The Week That Was

The Week That Was: All of Lawfare in One Post

By Elina Saxena
Saturday, November 14, 2015, 8:18 AM

Bobby alerted us last night to the horrifying series of attacks that occurred across Paris on Friday evening. A series of explosions and armed attacks left at least 128 dead across the city and injured hundreds of others. We keep France in our thoughts, as we review this week's Lawfare coverage.

Ben posted the Incubus of Plague" edition of Rational Security. In it, the Rational Security crew pull a leaf from CNN’s book and discuss the Russian plane crash in the Sinai, the latest in the GOP candidates’ foreign policy plans, and the latest from the White House on closing Guantanamo Bay.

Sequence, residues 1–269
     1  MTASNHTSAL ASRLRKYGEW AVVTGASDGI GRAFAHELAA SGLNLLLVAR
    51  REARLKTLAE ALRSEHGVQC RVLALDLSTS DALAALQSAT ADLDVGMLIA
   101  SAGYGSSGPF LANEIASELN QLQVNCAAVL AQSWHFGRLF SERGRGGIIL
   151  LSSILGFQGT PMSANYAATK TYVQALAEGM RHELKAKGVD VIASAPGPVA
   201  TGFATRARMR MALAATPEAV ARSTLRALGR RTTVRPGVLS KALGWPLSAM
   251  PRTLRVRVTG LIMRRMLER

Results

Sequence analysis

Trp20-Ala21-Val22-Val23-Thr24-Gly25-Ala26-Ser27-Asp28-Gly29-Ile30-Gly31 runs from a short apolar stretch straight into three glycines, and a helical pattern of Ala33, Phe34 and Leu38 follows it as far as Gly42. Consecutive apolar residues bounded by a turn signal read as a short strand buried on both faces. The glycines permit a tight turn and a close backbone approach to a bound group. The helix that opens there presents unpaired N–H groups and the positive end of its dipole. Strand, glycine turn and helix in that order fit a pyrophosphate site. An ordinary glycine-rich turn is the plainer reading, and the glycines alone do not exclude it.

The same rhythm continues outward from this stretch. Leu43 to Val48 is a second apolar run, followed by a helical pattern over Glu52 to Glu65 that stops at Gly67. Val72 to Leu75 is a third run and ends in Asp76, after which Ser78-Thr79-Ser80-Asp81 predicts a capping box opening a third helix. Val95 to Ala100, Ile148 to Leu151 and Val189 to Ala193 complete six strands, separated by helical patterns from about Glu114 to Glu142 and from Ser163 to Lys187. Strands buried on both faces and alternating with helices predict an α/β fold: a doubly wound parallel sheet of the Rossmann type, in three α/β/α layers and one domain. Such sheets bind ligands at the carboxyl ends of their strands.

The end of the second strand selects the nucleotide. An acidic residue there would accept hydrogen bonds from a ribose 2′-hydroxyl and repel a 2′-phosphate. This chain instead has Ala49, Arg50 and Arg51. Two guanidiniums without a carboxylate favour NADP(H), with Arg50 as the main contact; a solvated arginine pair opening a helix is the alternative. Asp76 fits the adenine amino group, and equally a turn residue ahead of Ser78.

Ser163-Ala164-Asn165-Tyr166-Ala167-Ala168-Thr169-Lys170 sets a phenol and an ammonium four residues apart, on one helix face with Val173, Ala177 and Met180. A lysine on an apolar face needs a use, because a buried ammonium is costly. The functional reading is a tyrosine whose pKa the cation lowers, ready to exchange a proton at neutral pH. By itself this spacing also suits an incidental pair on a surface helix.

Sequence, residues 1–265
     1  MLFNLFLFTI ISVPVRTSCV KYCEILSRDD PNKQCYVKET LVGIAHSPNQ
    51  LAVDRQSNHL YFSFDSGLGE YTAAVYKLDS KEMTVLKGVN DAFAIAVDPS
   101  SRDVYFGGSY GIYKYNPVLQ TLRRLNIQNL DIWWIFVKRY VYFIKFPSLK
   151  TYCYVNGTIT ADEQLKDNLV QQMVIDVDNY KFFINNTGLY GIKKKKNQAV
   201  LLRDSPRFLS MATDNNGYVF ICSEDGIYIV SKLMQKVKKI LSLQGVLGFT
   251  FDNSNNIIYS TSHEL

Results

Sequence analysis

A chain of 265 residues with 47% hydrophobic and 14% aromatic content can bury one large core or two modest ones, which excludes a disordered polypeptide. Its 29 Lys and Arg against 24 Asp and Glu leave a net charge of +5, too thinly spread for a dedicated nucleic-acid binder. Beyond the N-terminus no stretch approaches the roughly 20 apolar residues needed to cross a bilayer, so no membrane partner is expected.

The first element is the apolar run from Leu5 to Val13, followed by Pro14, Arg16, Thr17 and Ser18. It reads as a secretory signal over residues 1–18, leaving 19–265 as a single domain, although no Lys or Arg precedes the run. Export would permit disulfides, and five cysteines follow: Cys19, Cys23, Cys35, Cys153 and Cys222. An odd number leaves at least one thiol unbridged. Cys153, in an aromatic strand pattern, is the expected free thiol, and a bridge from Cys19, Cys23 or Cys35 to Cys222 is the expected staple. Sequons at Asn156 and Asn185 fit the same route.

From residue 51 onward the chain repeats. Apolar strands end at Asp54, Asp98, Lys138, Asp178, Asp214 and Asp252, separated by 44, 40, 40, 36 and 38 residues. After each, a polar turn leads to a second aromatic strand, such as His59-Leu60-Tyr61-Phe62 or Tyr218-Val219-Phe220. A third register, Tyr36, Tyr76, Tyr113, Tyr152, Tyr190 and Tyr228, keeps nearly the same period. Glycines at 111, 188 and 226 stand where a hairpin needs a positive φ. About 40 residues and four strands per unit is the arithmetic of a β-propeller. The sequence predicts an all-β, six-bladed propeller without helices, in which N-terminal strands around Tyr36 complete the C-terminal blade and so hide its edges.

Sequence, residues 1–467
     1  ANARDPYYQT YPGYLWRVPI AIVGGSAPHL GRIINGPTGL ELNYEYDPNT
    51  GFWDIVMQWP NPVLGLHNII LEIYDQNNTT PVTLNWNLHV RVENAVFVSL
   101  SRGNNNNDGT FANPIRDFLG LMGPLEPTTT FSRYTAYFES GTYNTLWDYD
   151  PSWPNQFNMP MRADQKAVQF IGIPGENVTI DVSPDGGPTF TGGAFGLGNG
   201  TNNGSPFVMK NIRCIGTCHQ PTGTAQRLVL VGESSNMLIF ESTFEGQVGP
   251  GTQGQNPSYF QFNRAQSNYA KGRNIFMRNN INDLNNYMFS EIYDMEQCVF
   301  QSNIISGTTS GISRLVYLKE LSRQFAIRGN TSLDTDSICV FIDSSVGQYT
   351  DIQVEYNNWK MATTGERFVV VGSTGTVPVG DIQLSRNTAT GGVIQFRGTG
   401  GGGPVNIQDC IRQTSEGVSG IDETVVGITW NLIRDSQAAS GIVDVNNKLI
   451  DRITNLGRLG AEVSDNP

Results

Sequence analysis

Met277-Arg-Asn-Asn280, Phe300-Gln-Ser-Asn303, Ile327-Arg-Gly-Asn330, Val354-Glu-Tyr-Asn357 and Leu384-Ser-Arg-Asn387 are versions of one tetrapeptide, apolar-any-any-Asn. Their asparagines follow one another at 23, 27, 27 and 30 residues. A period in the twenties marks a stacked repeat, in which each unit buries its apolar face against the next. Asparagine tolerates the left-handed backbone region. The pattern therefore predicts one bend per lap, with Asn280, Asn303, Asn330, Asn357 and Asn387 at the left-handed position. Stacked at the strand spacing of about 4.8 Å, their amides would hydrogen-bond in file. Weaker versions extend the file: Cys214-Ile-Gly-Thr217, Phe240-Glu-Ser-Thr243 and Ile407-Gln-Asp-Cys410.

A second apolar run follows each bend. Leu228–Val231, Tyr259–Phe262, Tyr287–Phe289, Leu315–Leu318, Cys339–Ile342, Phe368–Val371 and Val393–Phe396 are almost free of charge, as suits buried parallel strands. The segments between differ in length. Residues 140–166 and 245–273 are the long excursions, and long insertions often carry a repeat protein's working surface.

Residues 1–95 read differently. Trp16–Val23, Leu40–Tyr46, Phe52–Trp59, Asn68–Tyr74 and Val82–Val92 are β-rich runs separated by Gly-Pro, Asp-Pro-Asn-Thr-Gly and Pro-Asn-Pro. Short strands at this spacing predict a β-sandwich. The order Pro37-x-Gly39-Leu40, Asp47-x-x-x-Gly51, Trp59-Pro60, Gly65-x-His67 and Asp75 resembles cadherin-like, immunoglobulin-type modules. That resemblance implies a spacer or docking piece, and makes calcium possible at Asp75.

Aaron Zelin shared this week's Jihadology Podcast, which features C. Christine Fair in a discussion on the islamist militancy in Bangladesh. The two covered topics including the history of Islamism in Bangladesh, the intersection of Islamism with mainstream politics, al Qaeda’s involvement in the country, and the recent Islamic State attacks in the country, among other topics.

David Bosco asked how a potential International Criminal Court investigation into crimes committed in the occupied territories could alter the U.N. Security Council's role in determining the future of the Israeli-Palestinian peace process. He suggested that an ICC investigation could lead to an indictment of Israelis or Palestinians, which would likely change the nature of UNSC diplomacy.